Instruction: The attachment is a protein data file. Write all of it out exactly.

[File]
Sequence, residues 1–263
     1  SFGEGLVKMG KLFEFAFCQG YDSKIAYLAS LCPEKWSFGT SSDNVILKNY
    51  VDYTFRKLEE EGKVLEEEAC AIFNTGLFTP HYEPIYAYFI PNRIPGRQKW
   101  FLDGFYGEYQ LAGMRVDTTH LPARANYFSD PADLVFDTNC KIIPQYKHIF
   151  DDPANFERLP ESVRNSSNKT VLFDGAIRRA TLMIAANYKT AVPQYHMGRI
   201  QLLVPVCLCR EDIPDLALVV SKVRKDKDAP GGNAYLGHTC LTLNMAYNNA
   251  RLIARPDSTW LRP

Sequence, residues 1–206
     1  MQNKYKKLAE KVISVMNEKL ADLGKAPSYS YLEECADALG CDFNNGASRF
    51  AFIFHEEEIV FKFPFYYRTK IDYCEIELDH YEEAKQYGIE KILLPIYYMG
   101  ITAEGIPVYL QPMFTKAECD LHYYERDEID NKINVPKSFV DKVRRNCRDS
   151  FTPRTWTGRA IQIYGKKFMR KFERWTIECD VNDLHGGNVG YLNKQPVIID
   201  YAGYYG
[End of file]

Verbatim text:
Sequence, residues 1–263
     1  SFGEGLVKMG KLFEFAFCQG YDSKIAYLAS LCPEKWSFGT SSDNVILKNY
    51  VDYTFRKLEE EGKVLEEEAC AIFNTGLFTP HYEPIYAYFI PNRIPGRQKW
   101  FLDGFYGEYQ LAGMRVDTTH LPARANYFSD PADLVFDTNC KIIPQYKHIF
   151  DDPANFERLP ESVRNSSNKT VLFDGAIRRA TLMIAANYKT AVPQYHMGRI
   201  QLLVPVCLCR EDIPDLALVV SKVRKDKDAP GGNAYLGHTC LTLNMAYNNA
   251  RLIARPDSTW LRP

Sequence, residues 1–206
     1  MQNKYKKLAE KVISVMNEKL ADLGKAPSYS YLEECADALG CDFNNGASRF
    51  AFIFHEEEIV FKFPFYYRTK IDYCEIELDH YEEAKQYGIE KILLPIYYMG
   101  ITAEGIPVYL QPMFTKAECD LHYYERDEID NKINVPKSFV DKVRRNCRDS
   151  FTPRTWTGRA IQIYGKKFMR KFERWTIECD VNDLHGGNVG YLNKQPVIID
   201  YAGYYG